Los niños británicos de seis años manejan mejor la tecnología que los adultos de 45 años, según el informe anual del regulador de las telecomunicaciones en el Reino Unido (Ofcom).
La manera de comunicarse de los jóvenes de hoy respecto a las generaciones anteriores ha cambiado y la diferencia más notable es, según Ofcom, la reducción del tiempo que utilizan para hablar por teléfono.
Los más voraces de la comunicación, según el estudio, son los jóvenes de entre 16 y 24 años, que llegan a pasar 14 horas y 7 minutos al día enganchados a la multitarea o realizando varias actividades a la vez, como mandar mensajes de texto mientras ven la televisión.
A ‘millennium generation’ of 14 and 15 year olds are the most technology-savvy in the UK, according to new Ofcom research, which shows that after our teens our digital confidence begins a long decline.
The research – part of Ofcom’s eleventh Communications Market Report – measures confidence and knowledge of communications technology to calculate an individual’s ‘Digital Quotient’ score, or ‘DQ’, with the average UK adult scoring 100.
Children aged 12-15 are turning away from talking on the telephone. Just 3% of their communications time is spent making voice calls, while the vast majority (94%) is text based – such as instant messaging and social networking.
By contrast, older generations still find it good to talk: 20% of UK adults’ communications time is spent on the phone on average. While adults also embrace digital text-based communications, the traditional email is most popular (used for 33% of their time spent communicating) compared to just 2% among 12-15s.
Take our simplified Digital Quotient taster test to find out your score and get Ofcom advice on how to improve your understanding of communications services.
Technology and work-life balance
While technology is seen by many as a distraction in our daily lives, a quarter (24%) of workers think technology is improving their work-life balance. Just under half (49%) say it is not making much difference either way and 16% think technology is making their work-life balance worse.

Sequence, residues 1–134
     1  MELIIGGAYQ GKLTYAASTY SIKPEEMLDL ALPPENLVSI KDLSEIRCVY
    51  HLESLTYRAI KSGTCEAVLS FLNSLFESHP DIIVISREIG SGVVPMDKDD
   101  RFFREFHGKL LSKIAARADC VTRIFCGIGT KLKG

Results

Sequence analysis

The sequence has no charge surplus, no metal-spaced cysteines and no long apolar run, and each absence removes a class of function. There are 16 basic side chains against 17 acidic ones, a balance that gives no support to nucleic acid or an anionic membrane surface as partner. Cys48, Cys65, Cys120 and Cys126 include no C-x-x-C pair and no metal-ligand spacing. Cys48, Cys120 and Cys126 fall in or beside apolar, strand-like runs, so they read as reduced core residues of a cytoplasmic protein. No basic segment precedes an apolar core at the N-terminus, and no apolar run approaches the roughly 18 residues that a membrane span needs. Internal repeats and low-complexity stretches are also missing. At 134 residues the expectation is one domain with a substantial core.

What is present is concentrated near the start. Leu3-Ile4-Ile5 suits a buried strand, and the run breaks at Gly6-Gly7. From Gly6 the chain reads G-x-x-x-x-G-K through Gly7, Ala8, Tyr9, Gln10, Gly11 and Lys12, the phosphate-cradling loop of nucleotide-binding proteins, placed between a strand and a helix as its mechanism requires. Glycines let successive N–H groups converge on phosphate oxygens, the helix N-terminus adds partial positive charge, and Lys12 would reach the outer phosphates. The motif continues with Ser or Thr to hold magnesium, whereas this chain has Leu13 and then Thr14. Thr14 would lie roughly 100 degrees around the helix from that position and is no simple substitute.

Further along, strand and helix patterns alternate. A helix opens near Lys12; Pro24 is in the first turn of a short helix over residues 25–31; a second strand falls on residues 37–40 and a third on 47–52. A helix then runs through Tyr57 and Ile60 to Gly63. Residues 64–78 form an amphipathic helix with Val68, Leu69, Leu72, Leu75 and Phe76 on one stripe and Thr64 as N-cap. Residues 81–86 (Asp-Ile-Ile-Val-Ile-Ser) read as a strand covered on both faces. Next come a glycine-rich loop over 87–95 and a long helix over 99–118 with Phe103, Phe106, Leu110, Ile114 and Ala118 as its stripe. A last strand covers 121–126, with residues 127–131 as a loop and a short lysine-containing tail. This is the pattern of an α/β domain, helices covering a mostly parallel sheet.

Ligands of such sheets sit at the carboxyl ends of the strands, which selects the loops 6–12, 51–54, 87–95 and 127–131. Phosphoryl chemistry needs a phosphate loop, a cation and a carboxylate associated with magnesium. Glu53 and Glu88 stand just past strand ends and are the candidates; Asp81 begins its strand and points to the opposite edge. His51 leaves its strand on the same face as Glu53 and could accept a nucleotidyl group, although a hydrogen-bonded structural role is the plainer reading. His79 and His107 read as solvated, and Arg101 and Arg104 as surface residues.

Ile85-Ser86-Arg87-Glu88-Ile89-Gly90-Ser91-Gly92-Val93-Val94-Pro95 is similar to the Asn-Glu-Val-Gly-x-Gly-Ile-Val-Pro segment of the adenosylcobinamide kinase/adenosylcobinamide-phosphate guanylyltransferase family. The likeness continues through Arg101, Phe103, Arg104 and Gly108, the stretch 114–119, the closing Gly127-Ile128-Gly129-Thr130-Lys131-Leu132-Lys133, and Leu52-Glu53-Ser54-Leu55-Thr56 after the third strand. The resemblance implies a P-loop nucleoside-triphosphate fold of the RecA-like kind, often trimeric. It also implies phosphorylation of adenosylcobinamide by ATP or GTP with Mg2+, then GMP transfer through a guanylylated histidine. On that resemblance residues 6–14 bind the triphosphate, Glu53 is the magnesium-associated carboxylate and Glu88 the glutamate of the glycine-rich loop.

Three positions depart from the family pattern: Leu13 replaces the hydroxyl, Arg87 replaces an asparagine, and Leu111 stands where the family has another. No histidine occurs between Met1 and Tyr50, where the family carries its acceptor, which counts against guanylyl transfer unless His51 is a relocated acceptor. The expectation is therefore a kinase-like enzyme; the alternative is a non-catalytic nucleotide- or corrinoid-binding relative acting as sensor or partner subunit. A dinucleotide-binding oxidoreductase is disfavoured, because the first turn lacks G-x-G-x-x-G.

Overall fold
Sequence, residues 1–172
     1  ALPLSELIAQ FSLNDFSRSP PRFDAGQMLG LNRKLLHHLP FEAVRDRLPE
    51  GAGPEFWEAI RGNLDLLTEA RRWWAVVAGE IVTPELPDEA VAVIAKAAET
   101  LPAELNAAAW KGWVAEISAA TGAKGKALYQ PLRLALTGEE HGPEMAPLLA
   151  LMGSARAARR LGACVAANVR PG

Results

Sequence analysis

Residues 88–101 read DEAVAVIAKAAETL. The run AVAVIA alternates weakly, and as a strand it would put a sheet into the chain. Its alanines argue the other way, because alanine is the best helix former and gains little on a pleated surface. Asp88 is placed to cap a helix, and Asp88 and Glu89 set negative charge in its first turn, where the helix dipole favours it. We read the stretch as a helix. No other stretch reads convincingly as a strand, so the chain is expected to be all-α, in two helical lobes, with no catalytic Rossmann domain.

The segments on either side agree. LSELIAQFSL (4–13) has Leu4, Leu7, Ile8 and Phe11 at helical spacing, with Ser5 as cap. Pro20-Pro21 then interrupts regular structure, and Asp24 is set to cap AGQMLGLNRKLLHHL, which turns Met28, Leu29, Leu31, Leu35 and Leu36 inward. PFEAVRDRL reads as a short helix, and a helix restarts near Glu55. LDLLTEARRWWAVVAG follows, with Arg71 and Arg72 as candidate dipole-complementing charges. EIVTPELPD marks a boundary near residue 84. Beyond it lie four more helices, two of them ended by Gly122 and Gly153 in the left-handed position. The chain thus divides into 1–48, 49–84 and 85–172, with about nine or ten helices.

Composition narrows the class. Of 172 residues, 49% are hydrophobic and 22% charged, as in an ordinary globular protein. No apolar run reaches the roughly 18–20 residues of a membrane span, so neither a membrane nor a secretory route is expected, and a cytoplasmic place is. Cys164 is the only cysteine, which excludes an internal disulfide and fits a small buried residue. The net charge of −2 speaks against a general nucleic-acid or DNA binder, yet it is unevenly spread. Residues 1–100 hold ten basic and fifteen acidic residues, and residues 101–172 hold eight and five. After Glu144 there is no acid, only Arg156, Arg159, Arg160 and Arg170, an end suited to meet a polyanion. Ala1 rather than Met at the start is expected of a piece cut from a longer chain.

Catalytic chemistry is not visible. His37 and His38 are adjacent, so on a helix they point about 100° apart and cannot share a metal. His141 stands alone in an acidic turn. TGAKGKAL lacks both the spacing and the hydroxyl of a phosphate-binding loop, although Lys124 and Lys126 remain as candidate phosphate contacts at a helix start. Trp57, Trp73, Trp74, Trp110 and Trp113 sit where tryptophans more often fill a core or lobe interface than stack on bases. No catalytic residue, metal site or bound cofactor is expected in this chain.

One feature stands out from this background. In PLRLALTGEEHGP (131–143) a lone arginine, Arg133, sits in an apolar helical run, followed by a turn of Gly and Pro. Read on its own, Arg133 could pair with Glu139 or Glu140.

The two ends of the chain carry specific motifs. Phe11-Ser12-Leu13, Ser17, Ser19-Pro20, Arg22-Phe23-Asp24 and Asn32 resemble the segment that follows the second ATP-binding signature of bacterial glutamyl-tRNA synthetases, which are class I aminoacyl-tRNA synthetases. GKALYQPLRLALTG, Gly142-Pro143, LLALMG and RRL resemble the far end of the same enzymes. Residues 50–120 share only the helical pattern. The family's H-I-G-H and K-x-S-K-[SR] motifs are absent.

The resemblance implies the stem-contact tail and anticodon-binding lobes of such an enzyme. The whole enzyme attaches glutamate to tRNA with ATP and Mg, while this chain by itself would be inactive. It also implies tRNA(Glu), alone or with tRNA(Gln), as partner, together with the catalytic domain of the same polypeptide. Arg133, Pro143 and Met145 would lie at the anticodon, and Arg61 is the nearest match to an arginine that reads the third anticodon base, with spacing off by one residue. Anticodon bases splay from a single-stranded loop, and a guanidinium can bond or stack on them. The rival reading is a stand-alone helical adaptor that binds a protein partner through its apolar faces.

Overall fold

Six in 10 (60%) workers do some form of work-related communications activity outside of working hours. Emailing is the most common work-based communication activity out of hours, with nearly half (46%) of all workers emailing from time to time, and a fifth (22%) doing so on a regular basis.
Around four in 10 workers are also taking part in work-related telephone calls (41%) and text messages (37%) occasionally outside their working hours.
The largest proportion of work-related communications takes place in the evening at home. Of those people, one in 10 read or send work emails or texts in bed, on waking in the morning or last thing at night.
Communications technology is also shaping our holiday time. The research shows almost a third (32%) of people have made work related calls, sent emails or texts while on holiday, and of those, one in 10 has worked on the beach, or by the pool.
But there is a trade-off. Six in 10 workers say that while they’re at work they regularly or occasionally send and receive texts for personal reasons; half of workers use email; while 46% make or receive telephone calls for non-work related reasons. Just over a quarter (27%) catch-up on the sports results at work, while one in five people are shopping online in the office. Sigue leyendo